NEWS Finance        24/11/2020

Fitch notes Turkish banks are more reliant on CBRT for F/X liquidity

International credit ratings agency Fitch Ratings, in an insight entry on its website, has emphasized that Turkish banks have become more reliant on the Turkish Central Bank for their foreign exchange liquidity.


Fitch’s entry on its website is as follows:


Turkish Banks' External Debt and FC Liquidity: End-3Q20

The Turkish banking sector's available foreign-currency (FC) liquid assets remain sufficient to meet more market-sensitive FC short-term (ST) external debt (XD), but banks' FC liquidity has become highly reliant on the Turkish Central Bank (CBRT), Fitch Ratings says in a new report. Turkish banks' have retained reasonable access to external funding markets amid market volatility since 1Q20 and despite significant lira depreciation.


Turkish banks' ST XD increased slightly to USD 84 billion at end-3Q20 (end-2019: USD 82 billion) while total XD (including long-term borrowings) fell by USD 8 billion in 9M20 to USD 135 billion. We estimate banks' potential 12-month FC XD service requirement, in the event of a market closure, to be lower at about USD 45 billion at end-3Q20, net of more stable sources of funding and lira obligations.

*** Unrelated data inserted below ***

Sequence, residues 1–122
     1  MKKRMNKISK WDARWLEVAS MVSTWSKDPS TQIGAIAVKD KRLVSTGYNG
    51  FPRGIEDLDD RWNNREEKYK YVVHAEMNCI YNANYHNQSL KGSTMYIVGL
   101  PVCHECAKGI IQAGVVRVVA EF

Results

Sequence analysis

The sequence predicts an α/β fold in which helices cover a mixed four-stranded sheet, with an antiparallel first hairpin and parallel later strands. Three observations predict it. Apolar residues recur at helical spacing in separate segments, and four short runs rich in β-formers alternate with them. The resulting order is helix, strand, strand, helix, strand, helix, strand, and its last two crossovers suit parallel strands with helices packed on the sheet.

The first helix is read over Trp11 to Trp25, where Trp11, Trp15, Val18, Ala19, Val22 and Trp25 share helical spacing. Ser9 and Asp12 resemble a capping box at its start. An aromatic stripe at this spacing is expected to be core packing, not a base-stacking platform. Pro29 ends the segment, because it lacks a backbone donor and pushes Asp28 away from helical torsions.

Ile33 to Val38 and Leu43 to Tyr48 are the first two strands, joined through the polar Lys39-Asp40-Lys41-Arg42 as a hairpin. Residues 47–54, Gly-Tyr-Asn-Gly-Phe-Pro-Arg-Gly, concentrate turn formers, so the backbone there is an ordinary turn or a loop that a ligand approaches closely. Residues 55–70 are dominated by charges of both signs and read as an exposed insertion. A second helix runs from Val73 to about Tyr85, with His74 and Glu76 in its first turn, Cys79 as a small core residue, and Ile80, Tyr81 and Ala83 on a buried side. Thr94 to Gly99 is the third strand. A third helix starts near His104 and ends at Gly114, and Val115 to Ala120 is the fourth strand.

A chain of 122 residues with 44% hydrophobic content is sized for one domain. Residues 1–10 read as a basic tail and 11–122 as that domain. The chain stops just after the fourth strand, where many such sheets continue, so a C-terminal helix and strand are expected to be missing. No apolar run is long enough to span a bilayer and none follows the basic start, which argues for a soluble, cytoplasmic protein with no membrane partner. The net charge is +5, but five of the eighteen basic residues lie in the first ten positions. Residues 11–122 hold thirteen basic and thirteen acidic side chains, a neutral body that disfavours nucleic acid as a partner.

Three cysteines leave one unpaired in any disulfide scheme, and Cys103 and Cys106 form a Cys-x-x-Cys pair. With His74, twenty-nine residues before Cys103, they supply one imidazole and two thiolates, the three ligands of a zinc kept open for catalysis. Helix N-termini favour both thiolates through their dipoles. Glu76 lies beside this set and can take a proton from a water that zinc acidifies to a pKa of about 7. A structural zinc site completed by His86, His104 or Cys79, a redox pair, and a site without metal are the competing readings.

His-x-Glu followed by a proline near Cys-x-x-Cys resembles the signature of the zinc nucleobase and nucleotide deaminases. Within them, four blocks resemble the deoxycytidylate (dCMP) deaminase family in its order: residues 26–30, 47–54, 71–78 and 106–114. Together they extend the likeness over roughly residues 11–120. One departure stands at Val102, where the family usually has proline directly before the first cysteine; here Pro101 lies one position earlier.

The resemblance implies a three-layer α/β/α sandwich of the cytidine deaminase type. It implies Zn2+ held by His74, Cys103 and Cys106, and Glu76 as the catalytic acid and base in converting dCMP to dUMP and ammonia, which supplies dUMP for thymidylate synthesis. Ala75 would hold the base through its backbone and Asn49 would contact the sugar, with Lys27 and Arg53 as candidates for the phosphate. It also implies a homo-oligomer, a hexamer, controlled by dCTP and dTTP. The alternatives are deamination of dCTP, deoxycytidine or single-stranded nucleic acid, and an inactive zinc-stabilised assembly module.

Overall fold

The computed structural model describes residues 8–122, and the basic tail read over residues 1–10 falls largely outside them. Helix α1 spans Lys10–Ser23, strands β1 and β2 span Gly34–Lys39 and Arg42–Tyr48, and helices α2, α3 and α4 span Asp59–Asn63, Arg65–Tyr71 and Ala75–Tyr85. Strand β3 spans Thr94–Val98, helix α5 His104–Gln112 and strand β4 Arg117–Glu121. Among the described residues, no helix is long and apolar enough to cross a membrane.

FC customer deposits (end-3Q20: 54% of total customer deposits) increased 10% (in US dollar terms) in 9M20 to USD 242 billion, supporting banks' FX liquidity positions but also creating liquidity risks in case of deposit outflows or instability.


The sector's available FC liquidity of USD 82 billion at end-3Q20 is adequate to cover a short-lived market shutdown and moderate outflows of FC deposits. However, just over half of banks' FC liquidity comprises placements at the CBRT, mainly in the form of FC swaps. This is an increase from about one quarter at end-2019.


We calculate that the CBRT's net FC reserves were negative at end-3Q20 when adjusted for banks' FC claims. This means Turkey's external finances could come under further pressure if banks were to repay significant amounts of foreign debt using their liquidity with the CBRT, since it makes up the majority of the CBRT's FC assets.”

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